7 Meaningful Ways to Affirm a Friend
It can be difficult to maintain friendships as an adult. Everyone is dealing with family issues, careers, and children. Someone might be going through a divorce or a cross-country move. They might be changing jobs or homeschooling or signing up for foster care. Life is busy, but we need our tribe! And affirming each other in friendship is a crucial element to maintaining it. Here are 7 ways you can affirm a friend and strengthen your relationship.
The older I get, the more thankful I am for the steady friendships in my life.
I think back to the friendships of my youth—how they shifted based on any given person’s mood, what someone allegedly said behind someone else’s back, or who attended which event. They were victims of the ever-shifting sands of gossip, rumors, and teenaged hormones. But as I got older, I discovered the joy of solid friendships—the ones that last no matter the miles or the trauma accrued. I learned the beauty in the friendships that are maintained in the heart, even if communication is sparse or limited to social media. I realized the gift that friendship truly is, and how desperately I need my tribe in my life.
It can be difficult to maintain friendships as an adult. Everyone is dealing with family issues, careers, and children. Someone might be going through a divorce or a cross-country move. They might be changing jobs or homeschooling or signing up for foster care. Life is busy, but we need our tribe! And affirming each other in friendship is a crucial element to maintaining it.
Here are 7 ways you can affirm a friend and strengthen your relationship.
Consistency is important in friendship. While it’s not realistic that you speak every day or get together every week, the emotional support of knowing your friend is there for you can do wonders for the soul. Make sure your friends know that. Don’t be a fair-weather friend and only show up when you have good news to share or a need of your own. Reach out. Remember that when you do get together for play dates or coffee, don’t waste time on your phone or be distracted by your to-do list. Be present! Be encouraging.
1 Thessalonians 5:11 (ESV) "Therefore encourage one another and build one another up, just as you are doing."
It’s important that we genuinely care about the details in our friends’ life. We’re all different people, and while your friend might have hobbies or goals that wouldn’t interest you personally, you can still show interest because you care about them. Make an effort to keep up with your friend when they have an upcoming job interview, important meeting, or new relationship budding. Ask questions. Engage. Don’t wait for them to come to you—be the friend that takes the first step first.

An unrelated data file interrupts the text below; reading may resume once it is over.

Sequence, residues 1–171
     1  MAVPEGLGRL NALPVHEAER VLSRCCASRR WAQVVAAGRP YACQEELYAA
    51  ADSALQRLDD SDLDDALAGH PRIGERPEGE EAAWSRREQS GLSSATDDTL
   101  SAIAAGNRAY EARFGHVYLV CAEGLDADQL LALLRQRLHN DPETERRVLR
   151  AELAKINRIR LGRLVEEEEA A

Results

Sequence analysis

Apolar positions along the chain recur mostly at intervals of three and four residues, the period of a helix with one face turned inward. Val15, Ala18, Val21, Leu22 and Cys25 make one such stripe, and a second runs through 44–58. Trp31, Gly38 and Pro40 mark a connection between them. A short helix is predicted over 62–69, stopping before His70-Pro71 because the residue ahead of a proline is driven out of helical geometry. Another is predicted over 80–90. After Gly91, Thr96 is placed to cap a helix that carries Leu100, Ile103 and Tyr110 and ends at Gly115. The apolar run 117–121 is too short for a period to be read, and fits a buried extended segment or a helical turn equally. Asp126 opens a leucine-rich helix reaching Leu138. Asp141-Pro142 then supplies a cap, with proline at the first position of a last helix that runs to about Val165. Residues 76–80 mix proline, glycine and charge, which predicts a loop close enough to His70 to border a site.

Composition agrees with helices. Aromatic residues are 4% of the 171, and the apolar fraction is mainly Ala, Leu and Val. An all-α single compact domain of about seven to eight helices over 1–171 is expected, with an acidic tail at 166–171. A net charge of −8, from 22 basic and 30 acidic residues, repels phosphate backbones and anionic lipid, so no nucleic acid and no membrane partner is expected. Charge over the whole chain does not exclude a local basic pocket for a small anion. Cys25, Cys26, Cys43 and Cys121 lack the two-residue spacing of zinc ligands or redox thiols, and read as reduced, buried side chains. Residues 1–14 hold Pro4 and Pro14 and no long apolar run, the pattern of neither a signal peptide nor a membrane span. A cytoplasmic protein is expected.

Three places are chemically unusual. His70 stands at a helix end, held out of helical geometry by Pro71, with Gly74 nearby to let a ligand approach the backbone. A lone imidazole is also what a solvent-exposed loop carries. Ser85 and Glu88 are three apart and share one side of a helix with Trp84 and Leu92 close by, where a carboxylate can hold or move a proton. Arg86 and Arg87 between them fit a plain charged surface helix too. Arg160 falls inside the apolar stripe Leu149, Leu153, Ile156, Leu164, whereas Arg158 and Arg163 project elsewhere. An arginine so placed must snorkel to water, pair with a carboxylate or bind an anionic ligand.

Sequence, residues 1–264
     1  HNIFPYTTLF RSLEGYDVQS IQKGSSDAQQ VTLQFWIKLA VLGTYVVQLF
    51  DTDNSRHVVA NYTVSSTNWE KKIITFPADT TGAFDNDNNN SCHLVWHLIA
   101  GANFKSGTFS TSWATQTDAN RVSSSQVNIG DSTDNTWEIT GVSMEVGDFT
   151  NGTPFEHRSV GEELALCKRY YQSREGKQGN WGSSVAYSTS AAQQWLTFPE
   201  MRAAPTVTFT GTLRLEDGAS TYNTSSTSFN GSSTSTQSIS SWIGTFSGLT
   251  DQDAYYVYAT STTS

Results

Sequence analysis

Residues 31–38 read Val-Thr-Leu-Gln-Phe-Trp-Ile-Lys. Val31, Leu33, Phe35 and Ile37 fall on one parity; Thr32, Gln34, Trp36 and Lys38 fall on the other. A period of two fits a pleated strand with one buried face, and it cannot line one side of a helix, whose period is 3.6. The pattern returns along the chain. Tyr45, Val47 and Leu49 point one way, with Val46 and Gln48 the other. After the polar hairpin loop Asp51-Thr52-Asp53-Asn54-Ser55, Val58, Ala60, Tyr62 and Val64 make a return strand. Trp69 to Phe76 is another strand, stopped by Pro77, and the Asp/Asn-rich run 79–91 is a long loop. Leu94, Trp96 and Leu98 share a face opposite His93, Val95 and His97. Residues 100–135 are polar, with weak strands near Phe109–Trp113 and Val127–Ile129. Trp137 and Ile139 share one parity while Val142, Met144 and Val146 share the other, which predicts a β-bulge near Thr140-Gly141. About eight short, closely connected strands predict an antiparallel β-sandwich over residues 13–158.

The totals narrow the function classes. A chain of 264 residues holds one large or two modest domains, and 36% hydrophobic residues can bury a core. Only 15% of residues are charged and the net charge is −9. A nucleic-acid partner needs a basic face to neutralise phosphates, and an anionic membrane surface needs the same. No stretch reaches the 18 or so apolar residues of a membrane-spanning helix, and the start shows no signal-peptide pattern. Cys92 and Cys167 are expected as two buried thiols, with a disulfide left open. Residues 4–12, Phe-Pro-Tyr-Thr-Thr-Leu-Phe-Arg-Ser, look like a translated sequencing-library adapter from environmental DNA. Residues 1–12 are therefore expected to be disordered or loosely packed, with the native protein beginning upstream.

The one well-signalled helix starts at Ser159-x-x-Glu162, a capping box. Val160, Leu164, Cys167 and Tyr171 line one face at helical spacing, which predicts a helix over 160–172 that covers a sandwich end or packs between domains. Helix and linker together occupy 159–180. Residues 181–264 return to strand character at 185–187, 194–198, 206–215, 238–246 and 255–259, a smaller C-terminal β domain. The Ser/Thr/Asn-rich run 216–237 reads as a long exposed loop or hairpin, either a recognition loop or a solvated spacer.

Romans 12:10-11 (ESV) "Love one another with brotherly affection. Outdo one another in showing honor. Do not be slothful in zeal, be fervent in spirit, serve the Lord."
It’s easy to get caught up in the details and messes of our own lives, but it’s important that we take a step back from ourselves and look for needs in our friends’ life. Could they benefit from a quick text message of encouragement? Could they use a home-cooked meal because it’s a busy season in their life? Could they use a handwritten note of support or an offer to babysit their kids for a much-needed date night? Look for needs in your friend’s life and do all that you can to meet it. This blesses them—but it also blesses you in return. There’s so much joy in helping others. Often, our friends can be struggling, and we don’t even realize it. So ask questions. Be involved. And take action!
Proverbs 17:17 (ESV) "A friend loves at all times, and a brother is born for adversity."
I know many people who, unfortunately, refuse to take the first step in relationships (be it friendships, family dynamics or romantic relationships) and demand that others reach out to them first. Relationships get strained when they feel one-sided, and bitterness grows like an out of control weed. Try to put aside your expectations and be generous, loving, and selfless with your affection, time, and energy. It’s not a true friendship if something is always “owed” or expected. There will certainly be seasons in life when one friend is more available than the other, but don’t worry about what’s “fair” or “even.” Don’t fall into the trap of assuming the worst about your friends’ motivations. Just reach out and encourage. Build up! Use your words to uplift them. You might be surprised at how badly they needed it.